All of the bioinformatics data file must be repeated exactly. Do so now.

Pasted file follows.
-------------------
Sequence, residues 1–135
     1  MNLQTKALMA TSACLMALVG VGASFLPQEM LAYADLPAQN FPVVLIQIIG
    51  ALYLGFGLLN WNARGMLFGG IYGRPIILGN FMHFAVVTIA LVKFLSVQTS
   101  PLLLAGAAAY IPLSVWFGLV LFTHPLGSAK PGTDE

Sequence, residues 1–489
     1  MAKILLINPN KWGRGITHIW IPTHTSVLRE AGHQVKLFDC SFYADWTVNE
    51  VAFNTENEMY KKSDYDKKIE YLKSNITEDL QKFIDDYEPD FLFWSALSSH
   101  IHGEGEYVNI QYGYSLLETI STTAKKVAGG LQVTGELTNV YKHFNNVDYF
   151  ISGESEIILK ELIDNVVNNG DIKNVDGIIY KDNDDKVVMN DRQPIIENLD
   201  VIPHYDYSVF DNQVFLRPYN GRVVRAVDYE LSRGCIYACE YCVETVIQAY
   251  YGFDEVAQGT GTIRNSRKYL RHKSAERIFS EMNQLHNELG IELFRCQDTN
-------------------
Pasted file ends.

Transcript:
Sequence, residues 1–135
     1  MNLQTKALMA TSACLMALVG VGASFLPQEM LAYADLPAQN FPVVLIQIIG
    51  ALYLGFGLLN WNARGMLFGG IYGRPIILGN FMHFAVVTIA LVKFLSVQTS
   101  PLLLAGAAAY IPLSVWFGLV LFTHPLGSAK PGTDE

Sequence, residues 1–489
     1  MAKILLINPN KWGRGITHIW IPTHTSVLRE AGHQVKLFDC SFYADWTVNE
    51  VAFNTENEMY KKSDYDKKIE YLKSNITEDL QKFIDDYEPD FLFWSALSSH
   101  IHGEGEYVNI QYGYSLLETI STTAKKVAGG LQVTGELTNV YKHFNNVDYF
   151  ISGESEIILK ELIDNVVNNG DIKNVDGIIY KDNDDKVVMN DRQPIIENLD
   201  VIPHYDYSVF DNQVFLRPYN GRVVRAVDYE LSRGCIYACE YCVETVIQAY
   251  YGFDEVAQGT GTIRNSRKYL RHKSAERIFS EMNQLHNELG IELFRCQDTN